Larry F. Stewart, the Secret Service ink expert who was accused of lying on the stand in the obstruction of justice trial of Martha Stewart, was acquitted yesterday of two charges of perjury.

Larry F. Stewart, the Secret Service ink expert who was accused of lying on the stand in the obstruction of justice trial of Martha Stewart, was acquitted yesterday of two charges of perjury.

Mr. Stewart, who is no relation to Ms. Stewart, the founder of Martha Stewart Living Omnimedia, was charged with lying in his testimony about his role in analyzing notations made with blue pen on a document listing Ms. Stewart’s stock holdings. She was convicted in March of lying to investigators about the reason for her sale of nearly 4,000 shares of ImClone Systems, a company led at the time by her friend Samuel D. Waksal. She is scheduled to report to prison on Friday.

In Federal District Court in Manhattan yesterday, Mr. Stewart, wearing a dark suit and a white shirt, listened impassively as the foreman of the jury of eight men and four women responded to queries from Judge Denny Chin with the words “not guilty.” The judge thanked lawyers for both sides, then added: “Mr. Stewart, good luck to you.”

Mr. Stewart turned to watch the jury file out of the courtroom, then tightly embraced Judith Wheat, his lawyer. A few moments later, Mr. Stewart stood in a hall outside the courtroom and in a voice that trembled briefly gave thanks for his acquittal and called the trial “long, expensive and painful.”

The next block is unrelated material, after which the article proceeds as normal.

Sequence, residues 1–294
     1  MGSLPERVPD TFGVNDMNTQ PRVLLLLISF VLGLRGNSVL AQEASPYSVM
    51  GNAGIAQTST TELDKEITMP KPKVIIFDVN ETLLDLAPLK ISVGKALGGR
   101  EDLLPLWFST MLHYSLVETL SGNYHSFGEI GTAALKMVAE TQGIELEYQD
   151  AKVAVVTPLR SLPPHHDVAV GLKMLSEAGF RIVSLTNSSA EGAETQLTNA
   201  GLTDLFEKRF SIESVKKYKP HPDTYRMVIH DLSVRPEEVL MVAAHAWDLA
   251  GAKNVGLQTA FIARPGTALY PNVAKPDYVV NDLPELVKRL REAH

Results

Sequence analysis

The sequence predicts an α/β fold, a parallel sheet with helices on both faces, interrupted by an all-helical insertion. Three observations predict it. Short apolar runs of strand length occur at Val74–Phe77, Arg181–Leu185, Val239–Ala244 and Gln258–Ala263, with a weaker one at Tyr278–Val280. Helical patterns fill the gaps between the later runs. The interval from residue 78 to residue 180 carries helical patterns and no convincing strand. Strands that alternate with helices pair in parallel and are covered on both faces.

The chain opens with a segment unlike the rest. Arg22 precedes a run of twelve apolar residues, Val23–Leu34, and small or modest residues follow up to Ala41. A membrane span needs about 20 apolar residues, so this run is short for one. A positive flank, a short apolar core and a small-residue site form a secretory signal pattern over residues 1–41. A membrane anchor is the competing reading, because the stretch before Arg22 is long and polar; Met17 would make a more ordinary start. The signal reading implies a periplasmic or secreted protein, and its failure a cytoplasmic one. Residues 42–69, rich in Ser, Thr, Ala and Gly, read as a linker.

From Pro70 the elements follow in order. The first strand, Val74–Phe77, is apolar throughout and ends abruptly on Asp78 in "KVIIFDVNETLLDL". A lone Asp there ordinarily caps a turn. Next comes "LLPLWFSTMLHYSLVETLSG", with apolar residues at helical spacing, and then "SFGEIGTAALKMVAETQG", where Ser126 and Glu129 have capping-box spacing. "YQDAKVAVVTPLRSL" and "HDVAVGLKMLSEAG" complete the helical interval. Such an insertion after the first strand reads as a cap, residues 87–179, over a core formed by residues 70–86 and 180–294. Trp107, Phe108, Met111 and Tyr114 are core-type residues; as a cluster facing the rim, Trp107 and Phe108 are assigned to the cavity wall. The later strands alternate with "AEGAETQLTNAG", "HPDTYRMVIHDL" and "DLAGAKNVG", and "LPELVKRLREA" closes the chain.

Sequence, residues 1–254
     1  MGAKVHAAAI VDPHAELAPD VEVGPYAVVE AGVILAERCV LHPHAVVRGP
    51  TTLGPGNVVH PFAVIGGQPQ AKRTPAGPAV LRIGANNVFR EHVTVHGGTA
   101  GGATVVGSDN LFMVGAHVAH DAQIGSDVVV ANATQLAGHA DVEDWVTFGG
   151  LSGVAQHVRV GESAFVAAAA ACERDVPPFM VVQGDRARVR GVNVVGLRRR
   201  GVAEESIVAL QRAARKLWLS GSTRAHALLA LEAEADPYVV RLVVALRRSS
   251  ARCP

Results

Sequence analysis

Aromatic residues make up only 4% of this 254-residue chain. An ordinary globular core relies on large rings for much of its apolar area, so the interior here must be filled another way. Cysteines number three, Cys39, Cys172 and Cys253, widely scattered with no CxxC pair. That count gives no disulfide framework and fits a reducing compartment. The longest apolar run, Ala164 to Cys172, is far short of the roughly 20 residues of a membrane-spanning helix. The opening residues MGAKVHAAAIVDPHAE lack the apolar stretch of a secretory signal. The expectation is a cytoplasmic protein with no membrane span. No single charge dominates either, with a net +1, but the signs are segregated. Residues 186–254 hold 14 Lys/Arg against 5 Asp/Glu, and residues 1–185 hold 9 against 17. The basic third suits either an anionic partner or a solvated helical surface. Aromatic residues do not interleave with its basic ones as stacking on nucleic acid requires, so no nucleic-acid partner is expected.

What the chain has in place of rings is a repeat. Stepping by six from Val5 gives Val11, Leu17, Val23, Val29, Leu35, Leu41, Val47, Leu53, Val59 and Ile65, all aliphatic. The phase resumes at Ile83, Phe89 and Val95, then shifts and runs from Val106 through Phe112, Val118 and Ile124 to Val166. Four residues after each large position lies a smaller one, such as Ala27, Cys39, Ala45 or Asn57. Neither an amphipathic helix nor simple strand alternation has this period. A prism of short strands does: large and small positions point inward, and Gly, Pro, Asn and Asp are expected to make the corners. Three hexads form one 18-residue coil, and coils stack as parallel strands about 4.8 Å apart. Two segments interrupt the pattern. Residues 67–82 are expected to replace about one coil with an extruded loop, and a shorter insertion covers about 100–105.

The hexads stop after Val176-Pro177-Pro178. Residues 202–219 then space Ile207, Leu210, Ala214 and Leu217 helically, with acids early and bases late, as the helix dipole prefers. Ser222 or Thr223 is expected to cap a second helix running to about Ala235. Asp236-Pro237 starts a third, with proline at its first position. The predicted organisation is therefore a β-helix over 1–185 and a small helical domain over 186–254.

Mr. Stewart, the laboratory director for the Secret Service who served as an expert on ink, was charged in May with two counts of perjury. Prosecutors accused him of exaggerating his role in analyzing critical documents used as evidence at Martha Stewart’s trial and of lying about his knowledge of a technical book his lab colleagues were writing.

The document that Mr. Stewart testified about was important because it contained the notation “@60,” which defense lawyers contended showed that Ms. Stewart had a pre-existing agreement with her broker to sell ImClone shares at $60. Prosecutors said that she sold the shares shortly before the stock price fell sharply because she had learned that members of Dr. Waksal’s family were trying to sell their shares, and that her broker had added the “@60” to provide false evidence of a pre-existing agreement.

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